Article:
Friday, 8 July 2022

All Saints Church in Laughton Revisited

The priest's door in the chancel
Due to its remote location and the difficulties of getting from Treeton to Laughton-en-le-Morthen by public transport, I had only visited All Saints church on a very few occasions, before I stopped briefly to look around its exterior during my walk from Throapham to Maltby.
The Norman chancel

Although its present form is essentially the result of the complete rebuilding of the church in the late C14, in the Perpendicular Gothic style, it incorporates a Norman chancel and an Anglo-Saxon north doorway – both of which contain significant amounts of a red sandstone that I have always thought was the Rotherham Red variety of the Mexborough Rock.
The Anglo-Saxon north door
Taking a closer look, although most of the dull red/purplish sandstone in the Norman chancel and the voussoirs on the arch of the Anglo-Saxon doorway look like Rotherham Red sandstone, the bright red stone used for the right hand pilaster does not.
The right hand pilaster to the Anglo-Saxon doorway

Together with the pilaster on the left hand side of the doorway, it is actually made of a long block of face bedded light brown sandstone that is more typical of the Coal Measures sandstones, with the bright red colouration restricted to a thickness of a few centimetres.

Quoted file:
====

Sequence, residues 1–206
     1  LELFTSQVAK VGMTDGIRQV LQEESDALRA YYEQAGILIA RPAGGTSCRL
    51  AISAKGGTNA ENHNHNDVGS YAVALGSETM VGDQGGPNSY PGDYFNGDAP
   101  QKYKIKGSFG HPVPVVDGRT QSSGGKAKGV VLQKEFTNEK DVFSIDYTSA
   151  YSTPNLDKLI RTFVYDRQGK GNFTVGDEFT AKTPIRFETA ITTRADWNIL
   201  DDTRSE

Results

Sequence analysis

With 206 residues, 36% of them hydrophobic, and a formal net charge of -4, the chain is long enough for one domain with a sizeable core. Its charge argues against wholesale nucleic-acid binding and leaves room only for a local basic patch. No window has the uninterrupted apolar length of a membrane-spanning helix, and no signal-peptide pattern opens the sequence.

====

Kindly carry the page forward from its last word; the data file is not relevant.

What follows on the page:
The left hand pilaster to the Anglo-Saxon doorway

When exploring the area around Ravenfield and Wickersley, some of the building stones from the Pennine Upper Coal Measures Formation that I saw were distinctly reddened and the geological memoir for the Sheffield district describes red staining in various places.
The priest's door in the chancel
Although I have only seen a few lumps of red sandstone on the surface of agricultural land, many of the old buildings that I have seen on the Wickersley Rock are built in stone that has similar colour variation to that seen at All Saints church.
The east elevation of the chancel
During subsequent visits to Wickersley to explore its vernacular architecture and undertake some research on the Wickersley Quarries, I came across an account which asserts that stone from Wickersley has been used at All Saints church – but this needs further investigation.
A detail of a restored mullion
The ashlar masonry to the church is in generally good condition but, like many churches built using limestone from the Cadeby Formation, the moulded sections to the windows have been susceptible to decay and have been mainly replaced – only for recent restoration work to show signs of weathering after a few years.
Efflorescence on a recently carved moulded section

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